"When does protecting privacy outweigh protecting the flock?" That's a very good question. Such questions are common when people with a record of criminal sexual behavior join our congregations. They arise when a beloved church leader is found to have committed sexual sin. Who needs to know? When? How is it communicated? How do we avoid descending into malicious gossip? These decisions are not easy, there are often many, many variables that must be taken into consideration.  It is best not to make decisions quickly. Prayerful reflection, getting input from others, and sometimes also legal counsel is important. Safe Church Ministry has resources that can help with many of the more common questions that arise. Safe Church Ministry is also available to offer consultation when these difficult and complex questions arise. 

posted in: Counting Voices

You raise a very good question and I have asked myself the same questions with regards to some incidents within the CRCNA.  I recall the incident when Synod nominated someone for executive director of the CRCNA but after his nomination something was announced that it was no longer proper for him to serve in this capacity.  I do not know if the reason was ever made public.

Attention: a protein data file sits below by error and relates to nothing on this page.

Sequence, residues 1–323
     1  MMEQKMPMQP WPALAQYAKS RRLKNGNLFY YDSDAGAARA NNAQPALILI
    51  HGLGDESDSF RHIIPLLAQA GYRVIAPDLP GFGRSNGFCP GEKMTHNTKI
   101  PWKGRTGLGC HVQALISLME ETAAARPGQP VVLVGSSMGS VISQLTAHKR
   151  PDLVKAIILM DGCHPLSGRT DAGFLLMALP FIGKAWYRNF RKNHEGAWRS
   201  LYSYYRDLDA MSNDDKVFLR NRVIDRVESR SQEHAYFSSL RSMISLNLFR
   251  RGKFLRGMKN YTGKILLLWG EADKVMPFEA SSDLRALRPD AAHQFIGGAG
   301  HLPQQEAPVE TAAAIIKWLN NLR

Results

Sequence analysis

posted in: Counting Voices

Thanks for sharing this, Robin! This is how the body of Christ should work. Out of God's extravagant and grace-filled love for us, we learn how to love others. Powerful reminder. 

posted in: Come, Just Come

AMEN!

 

Thanks, Monica!  Glad we can rejoice in that! 

"The dignity of our humanity is what God puts inside us." - Love this, Robin!

Well said Michele. Thank you for sharing so openly. Something is lost when we don't share stories, even painful ones. Thanks again. We serve a God who redeems. He redeems the pain that we've experienced by using it to benefit others. And in the process we also find some healing for ourselves. Praise be to our Redeeming God.

 As I re-read the blog I realized I'd missed something when I replied initially.  God did not protect me from bullying or schizophrenia, and when I was contemplating suicide by drowning on the river bank a five-minute walk away from where I lived at the time because I was so tired, depressed and confused as to what was happening to me, He convinced me not to go ahead with the plan but to go home and stick through life even though it was a miserable affair at the time, and after MANY years I did find relief through medications and meaning through helping others.  It may not be appropriate to tell victims of abuse that their suffering will help others, but from personal experience I can tell you it is often helping others that gives meaning to what we endured.  I believe that the one thing that's worse than suffering is pointless suffering, and if you can use what you've learned to help others in any way whatsoever then you haven't endured hell for nothing.  But maybe it's best if it's someone who has actually been through hell on earth who says so.